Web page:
Author(s): Vallabhaneni S, Scott H, Carter J, Treseler P, Machtinger EL
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Abstract A 27-year-old white male, who had sex with other men, presented to the emergency department with 3 days of left shoulder and abdominal pain. He reported no history of trauma to the abdomen. On abdominal imaging, he was found to have hemoperitoneum from a ruptured spleen; he underwent splenectomy. Causes of atraumatic splenic rupture can be divided into six main categories: infectious, neoplastic, inflammatory, congenital or structural, iatrogenic, and idiopathic. Work-up of the atraumatic splenic rupture revealed that his HIV antibody was newly positive. He had a documented negative HIV antibody 3 weeks prior to the current admission. CD4 cell count, obtained after splenectomy, was 904 cells per microliter and the HIV-1 plasma RNA level was 4657 copies per milliliter. Spleen pathology demonstrated an enlarged spleen with increase in the number of small to intermediate size lymphoid cells in the red pulp, and reactive follicular lymphoid hyperplasia, with numerous secondary lymphoid follicles and reactive germinal centers in the white pulp. T-cell receptor (TCR) gene rearrangement studies demonstrated a positive TCR beta gene rearrangement, without a TCR gamma gene rearrangement, consistent with a clonal CD8(+) T-cell population. The case gives rare insight into what happens in the spleen during acute HIV infection and encourages HIV testing in those presenting with atraumatic splenic rupture. Counseling patients with acute HIV to avoid potential trauma should also be considered.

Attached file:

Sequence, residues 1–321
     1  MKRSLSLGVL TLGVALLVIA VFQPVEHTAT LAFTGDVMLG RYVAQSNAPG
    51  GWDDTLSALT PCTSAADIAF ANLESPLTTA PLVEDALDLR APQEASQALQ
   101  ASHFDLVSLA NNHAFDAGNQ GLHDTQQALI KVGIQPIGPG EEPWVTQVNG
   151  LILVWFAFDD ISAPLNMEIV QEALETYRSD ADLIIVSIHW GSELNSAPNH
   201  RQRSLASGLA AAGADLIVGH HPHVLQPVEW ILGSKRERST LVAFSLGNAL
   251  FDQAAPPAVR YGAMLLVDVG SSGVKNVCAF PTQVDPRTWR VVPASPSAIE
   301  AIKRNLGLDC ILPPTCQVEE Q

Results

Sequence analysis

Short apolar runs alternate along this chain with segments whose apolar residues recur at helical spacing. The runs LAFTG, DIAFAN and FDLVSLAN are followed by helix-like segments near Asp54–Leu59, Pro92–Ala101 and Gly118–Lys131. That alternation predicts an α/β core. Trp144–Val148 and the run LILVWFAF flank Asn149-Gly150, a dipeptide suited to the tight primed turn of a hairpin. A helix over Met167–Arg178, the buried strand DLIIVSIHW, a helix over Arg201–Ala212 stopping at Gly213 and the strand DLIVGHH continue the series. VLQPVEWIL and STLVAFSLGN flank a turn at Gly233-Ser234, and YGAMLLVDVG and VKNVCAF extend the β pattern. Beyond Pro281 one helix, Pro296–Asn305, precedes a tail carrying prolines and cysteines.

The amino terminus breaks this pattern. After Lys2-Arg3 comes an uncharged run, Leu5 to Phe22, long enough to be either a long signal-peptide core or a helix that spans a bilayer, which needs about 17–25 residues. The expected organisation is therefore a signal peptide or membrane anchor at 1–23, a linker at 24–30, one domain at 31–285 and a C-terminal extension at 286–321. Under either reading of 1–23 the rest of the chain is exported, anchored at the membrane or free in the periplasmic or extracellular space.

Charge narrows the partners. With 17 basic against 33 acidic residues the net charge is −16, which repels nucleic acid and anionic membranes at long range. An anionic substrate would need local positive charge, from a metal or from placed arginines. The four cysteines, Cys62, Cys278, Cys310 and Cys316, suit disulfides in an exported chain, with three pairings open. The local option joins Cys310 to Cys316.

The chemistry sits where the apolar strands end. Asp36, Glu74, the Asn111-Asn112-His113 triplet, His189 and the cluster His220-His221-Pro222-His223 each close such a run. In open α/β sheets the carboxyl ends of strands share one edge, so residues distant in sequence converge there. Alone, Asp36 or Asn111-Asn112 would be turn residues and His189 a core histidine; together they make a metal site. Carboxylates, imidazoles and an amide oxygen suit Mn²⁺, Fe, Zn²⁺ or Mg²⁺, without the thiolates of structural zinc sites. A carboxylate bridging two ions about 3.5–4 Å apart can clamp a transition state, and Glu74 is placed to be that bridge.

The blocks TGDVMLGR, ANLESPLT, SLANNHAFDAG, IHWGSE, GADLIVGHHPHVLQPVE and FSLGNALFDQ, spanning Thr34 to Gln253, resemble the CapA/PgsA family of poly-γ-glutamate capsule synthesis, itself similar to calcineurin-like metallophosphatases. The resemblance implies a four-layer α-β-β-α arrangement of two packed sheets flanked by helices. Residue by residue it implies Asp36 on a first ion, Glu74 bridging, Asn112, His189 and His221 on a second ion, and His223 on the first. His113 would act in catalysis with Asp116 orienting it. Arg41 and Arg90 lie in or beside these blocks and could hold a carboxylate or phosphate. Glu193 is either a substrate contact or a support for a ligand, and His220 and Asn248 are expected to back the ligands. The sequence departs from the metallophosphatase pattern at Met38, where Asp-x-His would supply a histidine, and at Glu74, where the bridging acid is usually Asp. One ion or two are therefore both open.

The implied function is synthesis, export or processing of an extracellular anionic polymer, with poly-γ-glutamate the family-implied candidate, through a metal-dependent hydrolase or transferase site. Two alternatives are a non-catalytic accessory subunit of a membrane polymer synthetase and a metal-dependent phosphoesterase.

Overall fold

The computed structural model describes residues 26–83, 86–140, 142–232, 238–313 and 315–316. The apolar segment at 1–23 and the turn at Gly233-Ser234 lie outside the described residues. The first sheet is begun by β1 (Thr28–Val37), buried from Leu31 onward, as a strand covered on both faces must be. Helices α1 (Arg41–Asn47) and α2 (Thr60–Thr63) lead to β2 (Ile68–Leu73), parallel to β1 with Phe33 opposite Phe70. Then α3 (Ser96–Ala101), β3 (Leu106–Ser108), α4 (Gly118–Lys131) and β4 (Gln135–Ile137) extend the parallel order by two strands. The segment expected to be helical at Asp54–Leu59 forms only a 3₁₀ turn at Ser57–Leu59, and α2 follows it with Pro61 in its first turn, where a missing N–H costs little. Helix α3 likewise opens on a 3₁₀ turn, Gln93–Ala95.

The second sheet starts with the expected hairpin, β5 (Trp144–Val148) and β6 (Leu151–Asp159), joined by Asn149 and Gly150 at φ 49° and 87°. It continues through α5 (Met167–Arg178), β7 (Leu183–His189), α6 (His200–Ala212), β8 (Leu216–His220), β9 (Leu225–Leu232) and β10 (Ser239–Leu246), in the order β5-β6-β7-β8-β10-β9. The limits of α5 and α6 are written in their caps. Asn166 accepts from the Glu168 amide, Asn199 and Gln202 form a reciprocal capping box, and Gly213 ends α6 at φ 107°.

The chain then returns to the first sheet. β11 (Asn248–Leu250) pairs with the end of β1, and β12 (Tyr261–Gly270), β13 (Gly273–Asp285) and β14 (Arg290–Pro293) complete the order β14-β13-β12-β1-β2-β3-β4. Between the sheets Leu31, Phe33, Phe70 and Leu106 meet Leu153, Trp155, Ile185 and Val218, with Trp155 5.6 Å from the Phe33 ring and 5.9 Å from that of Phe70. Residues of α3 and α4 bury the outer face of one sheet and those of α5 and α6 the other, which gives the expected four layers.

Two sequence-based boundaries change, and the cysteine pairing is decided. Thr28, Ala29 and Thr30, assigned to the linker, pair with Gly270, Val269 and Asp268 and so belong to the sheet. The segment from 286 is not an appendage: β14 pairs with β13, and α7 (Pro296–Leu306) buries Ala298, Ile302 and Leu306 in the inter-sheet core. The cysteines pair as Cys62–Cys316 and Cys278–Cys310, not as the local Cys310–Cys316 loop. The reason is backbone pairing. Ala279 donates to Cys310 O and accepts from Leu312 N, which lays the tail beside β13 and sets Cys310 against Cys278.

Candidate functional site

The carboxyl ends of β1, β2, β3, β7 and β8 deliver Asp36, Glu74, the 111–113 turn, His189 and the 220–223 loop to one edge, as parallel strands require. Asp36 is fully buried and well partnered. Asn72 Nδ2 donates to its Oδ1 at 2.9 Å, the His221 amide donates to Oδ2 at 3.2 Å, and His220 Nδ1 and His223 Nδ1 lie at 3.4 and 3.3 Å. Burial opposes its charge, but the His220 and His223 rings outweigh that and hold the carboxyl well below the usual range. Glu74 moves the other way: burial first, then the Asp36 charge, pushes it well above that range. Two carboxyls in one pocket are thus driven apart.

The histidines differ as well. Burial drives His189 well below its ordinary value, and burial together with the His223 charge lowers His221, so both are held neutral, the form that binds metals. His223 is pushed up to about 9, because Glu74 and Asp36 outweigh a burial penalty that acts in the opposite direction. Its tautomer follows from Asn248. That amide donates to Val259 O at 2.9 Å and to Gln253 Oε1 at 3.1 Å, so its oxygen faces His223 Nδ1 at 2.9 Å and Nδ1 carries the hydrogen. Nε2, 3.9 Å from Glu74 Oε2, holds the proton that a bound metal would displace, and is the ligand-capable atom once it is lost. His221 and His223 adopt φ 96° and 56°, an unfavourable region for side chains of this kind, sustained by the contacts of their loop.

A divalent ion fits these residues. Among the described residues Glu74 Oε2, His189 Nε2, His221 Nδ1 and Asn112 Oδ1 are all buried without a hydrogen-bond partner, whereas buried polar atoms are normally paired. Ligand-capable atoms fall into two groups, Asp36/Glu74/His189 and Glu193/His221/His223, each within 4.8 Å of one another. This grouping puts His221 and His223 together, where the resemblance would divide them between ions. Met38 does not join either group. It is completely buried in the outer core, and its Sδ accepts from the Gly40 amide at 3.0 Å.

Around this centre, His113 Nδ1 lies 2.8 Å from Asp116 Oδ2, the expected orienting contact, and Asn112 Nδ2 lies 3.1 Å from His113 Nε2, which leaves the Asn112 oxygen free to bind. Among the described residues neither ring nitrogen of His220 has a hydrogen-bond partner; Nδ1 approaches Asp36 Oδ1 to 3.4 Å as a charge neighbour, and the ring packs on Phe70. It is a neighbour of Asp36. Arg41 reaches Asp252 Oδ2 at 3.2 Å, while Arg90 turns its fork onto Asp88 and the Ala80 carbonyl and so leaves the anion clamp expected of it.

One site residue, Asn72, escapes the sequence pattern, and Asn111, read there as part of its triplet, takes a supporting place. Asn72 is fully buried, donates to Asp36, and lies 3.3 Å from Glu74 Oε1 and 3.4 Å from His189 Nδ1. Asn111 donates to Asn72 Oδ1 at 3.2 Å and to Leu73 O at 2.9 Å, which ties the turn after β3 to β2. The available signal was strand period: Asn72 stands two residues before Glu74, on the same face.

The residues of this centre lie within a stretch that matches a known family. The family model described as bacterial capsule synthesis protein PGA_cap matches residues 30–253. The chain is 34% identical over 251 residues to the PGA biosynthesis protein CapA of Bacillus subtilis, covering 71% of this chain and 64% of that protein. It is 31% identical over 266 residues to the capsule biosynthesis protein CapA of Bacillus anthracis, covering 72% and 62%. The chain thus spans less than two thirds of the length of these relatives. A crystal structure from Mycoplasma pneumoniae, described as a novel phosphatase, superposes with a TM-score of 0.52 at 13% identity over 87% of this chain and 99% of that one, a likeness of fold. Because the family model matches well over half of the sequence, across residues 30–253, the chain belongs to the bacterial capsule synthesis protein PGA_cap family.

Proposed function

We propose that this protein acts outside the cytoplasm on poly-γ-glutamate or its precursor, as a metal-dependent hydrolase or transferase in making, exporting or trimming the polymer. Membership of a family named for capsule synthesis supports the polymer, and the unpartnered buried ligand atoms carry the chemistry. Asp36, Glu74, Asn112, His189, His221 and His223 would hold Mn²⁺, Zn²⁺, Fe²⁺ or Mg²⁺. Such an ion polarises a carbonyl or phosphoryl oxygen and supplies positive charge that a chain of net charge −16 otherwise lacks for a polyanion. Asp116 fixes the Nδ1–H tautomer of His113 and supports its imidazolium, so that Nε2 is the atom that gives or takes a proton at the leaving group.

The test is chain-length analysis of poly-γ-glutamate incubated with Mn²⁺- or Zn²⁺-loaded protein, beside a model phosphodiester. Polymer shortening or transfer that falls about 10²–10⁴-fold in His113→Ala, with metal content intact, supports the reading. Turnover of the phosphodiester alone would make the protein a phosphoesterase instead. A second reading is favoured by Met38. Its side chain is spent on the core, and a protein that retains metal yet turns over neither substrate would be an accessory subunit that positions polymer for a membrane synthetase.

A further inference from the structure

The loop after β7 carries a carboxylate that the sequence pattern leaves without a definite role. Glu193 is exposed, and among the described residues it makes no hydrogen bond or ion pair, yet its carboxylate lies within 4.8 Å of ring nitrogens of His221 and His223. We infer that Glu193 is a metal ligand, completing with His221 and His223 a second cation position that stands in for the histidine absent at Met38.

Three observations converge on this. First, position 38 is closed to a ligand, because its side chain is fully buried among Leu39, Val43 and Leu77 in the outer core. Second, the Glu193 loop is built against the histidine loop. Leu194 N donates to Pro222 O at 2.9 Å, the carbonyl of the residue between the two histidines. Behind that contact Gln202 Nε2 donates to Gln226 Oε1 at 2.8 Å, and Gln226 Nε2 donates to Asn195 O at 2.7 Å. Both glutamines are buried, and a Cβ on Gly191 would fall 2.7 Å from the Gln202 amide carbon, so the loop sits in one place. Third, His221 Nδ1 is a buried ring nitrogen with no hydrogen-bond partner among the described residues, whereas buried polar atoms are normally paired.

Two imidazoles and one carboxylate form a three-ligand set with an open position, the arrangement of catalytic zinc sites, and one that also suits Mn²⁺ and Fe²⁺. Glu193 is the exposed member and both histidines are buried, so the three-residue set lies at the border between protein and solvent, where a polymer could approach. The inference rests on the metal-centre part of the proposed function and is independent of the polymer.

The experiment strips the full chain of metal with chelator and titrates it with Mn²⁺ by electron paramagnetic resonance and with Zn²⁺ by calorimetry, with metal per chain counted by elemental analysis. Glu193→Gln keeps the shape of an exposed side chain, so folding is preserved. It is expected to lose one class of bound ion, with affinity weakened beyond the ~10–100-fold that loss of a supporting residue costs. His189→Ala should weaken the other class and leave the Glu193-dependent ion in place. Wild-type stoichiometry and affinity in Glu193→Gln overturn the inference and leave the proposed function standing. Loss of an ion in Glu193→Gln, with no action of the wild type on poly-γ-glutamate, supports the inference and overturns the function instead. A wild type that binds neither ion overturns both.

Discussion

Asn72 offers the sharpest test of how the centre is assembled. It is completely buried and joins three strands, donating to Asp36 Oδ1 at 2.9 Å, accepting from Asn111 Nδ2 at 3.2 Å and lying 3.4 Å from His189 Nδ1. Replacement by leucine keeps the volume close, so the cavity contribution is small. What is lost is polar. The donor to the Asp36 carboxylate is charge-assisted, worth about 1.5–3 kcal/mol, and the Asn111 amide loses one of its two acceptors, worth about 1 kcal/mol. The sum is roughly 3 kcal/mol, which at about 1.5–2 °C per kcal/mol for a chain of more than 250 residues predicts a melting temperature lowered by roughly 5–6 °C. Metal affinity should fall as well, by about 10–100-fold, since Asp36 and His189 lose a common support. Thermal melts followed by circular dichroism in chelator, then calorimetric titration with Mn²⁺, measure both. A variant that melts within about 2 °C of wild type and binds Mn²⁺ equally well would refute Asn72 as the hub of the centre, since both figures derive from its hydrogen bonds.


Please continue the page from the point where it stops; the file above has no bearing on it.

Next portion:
This article was published in AIDS Patient Care STDS
and referenced in Journal of Addiction Research & Therapy